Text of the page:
What Is the Feldenkrais Method?

The Feldenkrais Method of Somatic Education® (pronounced fel-den-krice) uses experiential learning through movement, sensation, and perception to awaken your self-awareness and open up choices about how you move, think, and feel. Instead of "fixing a problem", the Feldenkrais Method looks at how you are moving. By exploring a tiny piece of a movement, you can discover a curious and playful way of approaching the larger question of what is going on in your body.

There are two forms of the Feldenkrais Method: private hands-on sessions called Functional Integration®, and group classes called Awareness Through Movement®. Both use gentle movement to release holding patterns and introduce new, more useful ways of moving.

 Photo by Warren Woo

Photo by Warren Woo

Everyone has habits that get in their way, in movement or any other part of life. We spend too long at a computer and then walk away not knowing that our shoulders are still up around our ears. We hold our breath at times when taking a deep breath could work wonders. Instead of getting frustrated by difficult situations, the Feldenkrais Method gives us the opportunity to take a step back, become curious, and ask, "What could I change?" You can read about the New York Times Personal Health editor's experience with Feldenkrais and chronic pain here: "Trying the Feldenkrais Method for Chronic Pain".

The Feldenkrais Method is helpful for:

  • Body mechanics
  • Chronic pain
  • Posture and balance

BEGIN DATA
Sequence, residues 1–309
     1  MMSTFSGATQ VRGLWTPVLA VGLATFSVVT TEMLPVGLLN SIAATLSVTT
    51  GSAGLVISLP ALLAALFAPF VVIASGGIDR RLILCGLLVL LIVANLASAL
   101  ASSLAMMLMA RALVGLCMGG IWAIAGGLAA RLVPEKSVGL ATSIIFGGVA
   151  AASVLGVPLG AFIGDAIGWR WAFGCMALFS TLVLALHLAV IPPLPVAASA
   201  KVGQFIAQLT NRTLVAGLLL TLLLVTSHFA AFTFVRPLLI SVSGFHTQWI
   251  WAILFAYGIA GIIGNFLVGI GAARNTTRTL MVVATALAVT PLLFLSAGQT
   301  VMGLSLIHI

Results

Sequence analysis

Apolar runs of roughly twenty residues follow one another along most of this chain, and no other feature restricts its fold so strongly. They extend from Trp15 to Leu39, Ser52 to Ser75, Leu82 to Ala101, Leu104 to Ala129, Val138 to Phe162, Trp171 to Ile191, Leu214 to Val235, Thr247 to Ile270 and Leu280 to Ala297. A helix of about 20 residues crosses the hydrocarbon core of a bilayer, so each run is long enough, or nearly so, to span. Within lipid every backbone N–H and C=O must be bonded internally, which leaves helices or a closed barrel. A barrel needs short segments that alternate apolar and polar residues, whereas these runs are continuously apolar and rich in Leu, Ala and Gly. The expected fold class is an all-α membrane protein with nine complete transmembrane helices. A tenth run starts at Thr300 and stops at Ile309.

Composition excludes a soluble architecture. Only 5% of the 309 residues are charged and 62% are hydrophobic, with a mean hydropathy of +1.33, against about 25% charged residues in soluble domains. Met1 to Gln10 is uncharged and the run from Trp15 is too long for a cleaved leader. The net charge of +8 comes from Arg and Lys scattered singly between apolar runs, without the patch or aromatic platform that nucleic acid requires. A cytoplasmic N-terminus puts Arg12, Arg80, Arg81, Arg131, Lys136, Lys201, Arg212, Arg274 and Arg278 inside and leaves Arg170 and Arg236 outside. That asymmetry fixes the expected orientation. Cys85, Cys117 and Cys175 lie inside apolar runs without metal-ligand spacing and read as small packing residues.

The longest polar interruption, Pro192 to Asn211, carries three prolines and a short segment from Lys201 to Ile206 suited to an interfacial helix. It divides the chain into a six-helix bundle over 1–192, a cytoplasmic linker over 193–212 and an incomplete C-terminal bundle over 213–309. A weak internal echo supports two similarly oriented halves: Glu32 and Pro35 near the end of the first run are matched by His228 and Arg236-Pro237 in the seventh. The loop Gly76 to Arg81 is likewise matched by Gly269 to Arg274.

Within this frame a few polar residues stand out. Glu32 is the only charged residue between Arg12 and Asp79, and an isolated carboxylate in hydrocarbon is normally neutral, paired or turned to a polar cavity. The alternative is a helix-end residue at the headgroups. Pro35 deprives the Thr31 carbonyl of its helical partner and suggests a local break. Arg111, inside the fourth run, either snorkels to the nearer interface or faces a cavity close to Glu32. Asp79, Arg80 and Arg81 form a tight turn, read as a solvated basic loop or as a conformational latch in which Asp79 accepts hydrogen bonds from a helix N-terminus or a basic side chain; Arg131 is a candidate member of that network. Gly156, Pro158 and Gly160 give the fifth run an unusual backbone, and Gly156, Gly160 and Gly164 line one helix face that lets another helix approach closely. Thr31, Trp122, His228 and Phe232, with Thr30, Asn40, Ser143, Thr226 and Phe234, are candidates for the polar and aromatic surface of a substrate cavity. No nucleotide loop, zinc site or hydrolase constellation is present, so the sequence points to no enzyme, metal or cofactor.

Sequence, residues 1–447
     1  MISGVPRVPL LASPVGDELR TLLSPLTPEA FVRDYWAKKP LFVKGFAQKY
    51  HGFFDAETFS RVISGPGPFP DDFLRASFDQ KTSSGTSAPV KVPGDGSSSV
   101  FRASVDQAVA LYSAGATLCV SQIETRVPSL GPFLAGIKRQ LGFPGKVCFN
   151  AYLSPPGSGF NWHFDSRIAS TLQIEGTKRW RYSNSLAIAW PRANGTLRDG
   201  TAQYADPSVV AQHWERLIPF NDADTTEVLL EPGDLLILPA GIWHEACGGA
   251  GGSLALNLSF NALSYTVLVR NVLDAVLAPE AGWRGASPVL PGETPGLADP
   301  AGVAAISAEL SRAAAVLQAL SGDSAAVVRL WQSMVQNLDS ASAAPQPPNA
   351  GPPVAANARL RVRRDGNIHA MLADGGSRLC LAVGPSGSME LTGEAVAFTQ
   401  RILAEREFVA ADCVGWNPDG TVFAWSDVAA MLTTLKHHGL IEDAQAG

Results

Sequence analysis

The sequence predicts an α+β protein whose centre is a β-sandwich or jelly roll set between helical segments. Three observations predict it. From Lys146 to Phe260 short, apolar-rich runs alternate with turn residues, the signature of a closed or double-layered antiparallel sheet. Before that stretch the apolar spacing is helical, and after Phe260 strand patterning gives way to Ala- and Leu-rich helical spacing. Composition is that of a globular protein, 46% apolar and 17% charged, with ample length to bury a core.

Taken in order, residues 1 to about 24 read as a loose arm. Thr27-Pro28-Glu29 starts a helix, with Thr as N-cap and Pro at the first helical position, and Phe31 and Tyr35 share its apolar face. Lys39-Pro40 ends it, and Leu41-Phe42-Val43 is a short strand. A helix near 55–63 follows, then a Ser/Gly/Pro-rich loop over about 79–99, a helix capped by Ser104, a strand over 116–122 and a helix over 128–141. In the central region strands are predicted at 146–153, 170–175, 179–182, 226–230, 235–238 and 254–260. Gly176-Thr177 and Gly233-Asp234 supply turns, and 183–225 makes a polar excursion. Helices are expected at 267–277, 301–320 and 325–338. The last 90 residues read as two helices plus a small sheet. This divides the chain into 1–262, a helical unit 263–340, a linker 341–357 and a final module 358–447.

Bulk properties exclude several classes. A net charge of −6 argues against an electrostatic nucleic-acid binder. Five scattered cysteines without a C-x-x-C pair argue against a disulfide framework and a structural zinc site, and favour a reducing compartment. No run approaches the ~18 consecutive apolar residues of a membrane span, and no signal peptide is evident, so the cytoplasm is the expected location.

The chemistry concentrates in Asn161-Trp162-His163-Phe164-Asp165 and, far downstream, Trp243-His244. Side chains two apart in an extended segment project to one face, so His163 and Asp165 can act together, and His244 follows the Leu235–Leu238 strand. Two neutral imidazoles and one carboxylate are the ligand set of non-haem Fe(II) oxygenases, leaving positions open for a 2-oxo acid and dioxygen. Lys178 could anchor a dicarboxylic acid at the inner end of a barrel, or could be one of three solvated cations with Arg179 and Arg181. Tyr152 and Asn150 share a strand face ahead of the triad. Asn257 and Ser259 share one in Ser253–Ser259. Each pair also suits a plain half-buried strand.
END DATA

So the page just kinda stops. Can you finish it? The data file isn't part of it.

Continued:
• Hypermobility
  • Repetitive stress injuries
  • Headaches and migraines
  • TMJ
  • Trauma
  • Post-surgical recovery
  • Compensation from old injuries
  • Anxiety
  • Traumatic brain injuries
  • Thrown-out backs, necks, and other cramps

...and more. You can learn about private sessions, classes, or book online.

How does the Feldenkrais Method work?
The Feldenkrais Method works through neuroplasticity, the concept that your brain is changeable and that you can actively create new neurological pathways though attention to movement. Your brain carries neurological pathways of your movement, and the strongest pathways are the movements you use the most, while the weakest are movements you rarely use. By intentionally changing the way you do a movement, you create or strengthen a pathway. If you want to learn more about neuroplasticity, books and TED talks by Norman Doidge, MD, Dr. Oliver Sacks, and Dr. V.S. Ramachandran are excellent resources.

History of the Feldenkrais Method
The Feldenkrais Method of Somatic Education was developed by Dr. Moshe Feldenkrais (1904-1984). After seriously damaging one of his knees in is 20s and declining surgery, he gradually combined his extensive studies of Judo, physics, engineering, human development, and psychology to find a path out of pain for himself and others. He is considered one of the earliest pioneers of neuroplasticity. You can read the International Feldenkrais Federation's full biography here.

You can hear me talk about the Feldenkrais Method in the clip below:

Questions? Please contact me.